Everyone appreciated receiving praise for work well done, but this can be a rare occurrence for hourly, flexible, part-time, and remote workers. Many of these novel arrangements do not have any version of “employee of the month” plaques to give to exceptional workers. Of course, accolades aren’t everything, but there are clear benefits for ensuring that employees feel appreciated: they are happier, more productive, and more likely to stick around. Platforms such as Wooboard have started emerging to allow employers to provide kudos in a way that is suited to the new reality of work.
While most companies keep their employee appreciation practices to themselves, current and past employees may have these practices in mind when reviewing their work experiences on platforms like LinkedIn. In a roundabout way, providing positive feedback to employees while they’re at the company is one way for businesses to ensure that workers, in turn, provide positive feedback about them.
4. Going Green
Environmental sustainability has increasingly become a top priority for employees and businesses alike. Beyond helping the environment and drawing in more clients, green initiatives can also help attract talent and keep staff members happy. Employees who feel like their company actively promotes their values are far more likely to be personally invested in that company’s mission.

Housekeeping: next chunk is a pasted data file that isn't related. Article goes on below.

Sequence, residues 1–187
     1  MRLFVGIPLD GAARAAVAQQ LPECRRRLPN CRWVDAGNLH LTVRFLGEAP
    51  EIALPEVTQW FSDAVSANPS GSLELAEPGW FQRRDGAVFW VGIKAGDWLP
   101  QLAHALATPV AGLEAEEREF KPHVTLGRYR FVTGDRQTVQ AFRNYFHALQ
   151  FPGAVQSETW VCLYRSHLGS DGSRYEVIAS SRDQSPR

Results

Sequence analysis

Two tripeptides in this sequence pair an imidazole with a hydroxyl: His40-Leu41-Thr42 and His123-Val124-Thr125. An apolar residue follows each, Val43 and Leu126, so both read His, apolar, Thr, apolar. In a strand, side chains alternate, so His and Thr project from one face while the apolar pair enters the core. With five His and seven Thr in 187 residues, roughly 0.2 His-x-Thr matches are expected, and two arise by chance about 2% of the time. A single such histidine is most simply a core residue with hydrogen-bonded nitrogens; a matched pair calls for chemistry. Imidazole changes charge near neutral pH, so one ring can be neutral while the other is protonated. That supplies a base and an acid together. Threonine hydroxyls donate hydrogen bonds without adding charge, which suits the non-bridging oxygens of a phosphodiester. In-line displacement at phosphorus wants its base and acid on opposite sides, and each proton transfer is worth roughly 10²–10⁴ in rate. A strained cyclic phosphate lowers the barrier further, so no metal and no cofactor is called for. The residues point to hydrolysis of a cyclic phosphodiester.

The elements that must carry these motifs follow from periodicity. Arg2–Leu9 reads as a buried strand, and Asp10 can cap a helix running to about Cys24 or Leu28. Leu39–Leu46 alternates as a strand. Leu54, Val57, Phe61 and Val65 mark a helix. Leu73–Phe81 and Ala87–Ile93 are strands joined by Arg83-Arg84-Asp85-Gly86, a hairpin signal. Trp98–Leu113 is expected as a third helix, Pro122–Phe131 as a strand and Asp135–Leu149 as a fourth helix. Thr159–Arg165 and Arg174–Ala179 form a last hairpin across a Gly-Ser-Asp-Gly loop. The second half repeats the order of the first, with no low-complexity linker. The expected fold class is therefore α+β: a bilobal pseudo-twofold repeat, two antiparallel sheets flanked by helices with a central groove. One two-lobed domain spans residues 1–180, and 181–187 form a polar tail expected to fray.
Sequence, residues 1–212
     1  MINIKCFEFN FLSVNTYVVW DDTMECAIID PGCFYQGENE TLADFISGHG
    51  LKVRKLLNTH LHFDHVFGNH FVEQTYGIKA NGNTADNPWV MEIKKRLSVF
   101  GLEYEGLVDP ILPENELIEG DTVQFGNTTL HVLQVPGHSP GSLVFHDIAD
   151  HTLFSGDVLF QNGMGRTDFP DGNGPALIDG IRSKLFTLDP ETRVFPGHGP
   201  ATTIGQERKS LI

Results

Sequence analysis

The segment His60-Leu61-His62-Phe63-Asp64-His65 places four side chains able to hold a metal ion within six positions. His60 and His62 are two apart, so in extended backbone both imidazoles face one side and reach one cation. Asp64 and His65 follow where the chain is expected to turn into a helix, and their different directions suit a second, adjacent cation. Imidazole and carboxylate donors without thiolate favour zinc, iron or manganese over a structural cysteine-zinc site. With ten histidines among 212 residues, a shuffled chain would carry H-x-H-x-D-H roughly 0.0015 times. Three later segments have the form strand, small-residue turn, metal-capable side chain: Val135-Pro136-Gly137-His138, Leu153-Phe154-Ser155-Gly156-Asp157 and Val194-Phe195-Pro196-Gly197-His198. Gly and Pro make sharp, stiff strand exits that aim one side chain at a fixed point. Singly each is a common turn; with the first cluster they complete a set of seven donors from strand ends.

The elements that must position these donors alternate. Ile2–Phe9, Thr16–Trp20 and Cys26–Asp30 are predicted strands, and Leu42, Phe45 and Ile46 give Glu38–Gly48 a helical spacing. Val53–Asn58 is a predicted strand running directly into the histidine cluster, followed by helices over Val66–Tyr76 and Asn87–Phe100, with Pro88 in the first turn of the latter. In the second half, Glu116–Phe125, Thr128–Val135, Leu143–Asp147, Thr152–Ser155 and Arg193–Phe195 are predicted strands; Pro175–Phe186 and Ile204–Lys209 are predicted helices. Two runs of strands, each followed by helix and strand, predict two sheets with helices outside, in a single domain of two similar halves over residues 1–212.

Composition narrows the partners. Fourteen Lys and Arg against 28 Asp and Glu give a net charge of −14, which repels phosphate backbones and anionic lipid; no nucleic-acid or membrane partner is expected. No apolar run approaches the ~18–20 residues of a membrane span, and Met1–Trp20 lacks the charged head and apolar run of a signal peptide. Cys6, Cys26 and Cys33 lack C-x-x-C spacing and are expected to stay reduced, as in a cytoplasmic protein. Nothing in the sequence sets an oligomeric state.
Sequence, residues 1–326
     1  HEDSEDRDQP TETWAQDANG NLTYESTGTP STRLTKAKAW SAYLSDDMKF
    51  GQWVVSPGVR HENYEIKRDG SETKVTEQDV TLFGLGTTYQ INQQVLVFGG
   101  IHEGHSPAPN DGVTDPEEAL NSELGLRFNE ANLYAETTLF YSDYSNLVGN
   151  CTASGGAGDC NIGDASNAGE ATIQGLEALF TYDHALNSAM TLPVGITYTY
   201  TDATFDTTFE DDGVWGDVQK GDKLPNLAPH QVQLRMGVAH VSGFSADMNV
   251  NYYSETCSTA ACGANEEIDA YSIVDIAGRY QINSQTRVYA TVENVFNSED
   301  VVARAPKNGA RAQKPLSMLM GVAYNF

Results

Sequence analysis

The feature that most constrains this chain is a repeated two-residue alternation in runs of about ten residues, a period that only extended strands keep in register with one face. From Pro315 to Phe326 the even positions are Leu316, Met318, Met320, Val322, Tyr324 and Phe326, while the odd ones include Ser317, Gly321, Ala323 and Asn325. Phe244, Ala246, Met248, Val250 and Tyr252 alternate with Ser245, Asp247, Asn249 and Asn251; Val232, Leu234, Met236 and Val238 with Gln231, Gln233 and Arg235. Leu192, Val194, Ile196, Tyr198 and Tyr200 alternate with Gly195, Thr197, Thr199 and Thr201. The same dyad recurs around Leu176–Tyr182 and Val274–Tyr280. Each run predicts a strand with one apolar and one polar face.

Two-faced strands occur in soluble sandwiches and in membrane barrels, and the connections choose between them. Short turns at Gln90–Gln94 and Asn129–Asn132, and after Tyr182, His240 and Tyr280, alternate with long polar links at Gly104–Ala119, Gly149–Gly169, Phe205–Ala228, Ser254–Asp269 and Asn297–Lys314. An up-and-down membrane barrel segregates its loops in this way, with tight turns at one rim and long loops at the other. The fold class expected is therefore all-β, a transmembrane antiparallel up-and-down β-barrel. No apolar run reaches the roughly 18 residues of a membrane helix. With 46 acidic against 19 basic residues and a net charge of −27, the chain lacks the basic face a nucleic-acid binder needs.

There are a few ways that a workplace can use tech to go green. For instance, a business can collect data from its utility bills and work with an energy auditor to identify the parts of its operations in which energy can be saved. Tech also enables workplaces to cut down on the raw amount of paper they produce and reduce the amount of fuel employees use (in the case of remote work). There are several apps that businesses can roll out in their workplaces to help reduce their carbon footprint while getting employees engaged.
5. Increasing Autonomy
Often, technology is used to increase oversight and connectivity within a workplace. Platforms like Asana can be used to track work progress and establish work schedules, while other platforms like Slack are used to keep lines of communication open between team members. There are clear benefits to this, but it also comes with the risk of overloading staff—particularly hourly staff—by diminishing their level of autonomy through excessive micromanagement.
To counteract this, businesses should consider how they can use tech to maximize worker autonomy. For example, there are a variety of new hiring platforms that give employees unprecedented say in finding employees that best fit their needs. These platforms streamline the process by allowing businesses and workers to search using highly specified criteria, ensuring that both parties find the right fit. This is particularly important for hourly workers who may be trying to find several gigs to work around their schedules.
At the end of the day, autonomy and flexibility are particularly important to today’s workforce. While it’s possible to bog workers down by using app after app or platform after platform, effective use of tech can also enable them to do their best work by increasing their independence. Further, tech can ensure that both employers and employees find exactly what they’re looking for in a dynamic, ever-changing job market.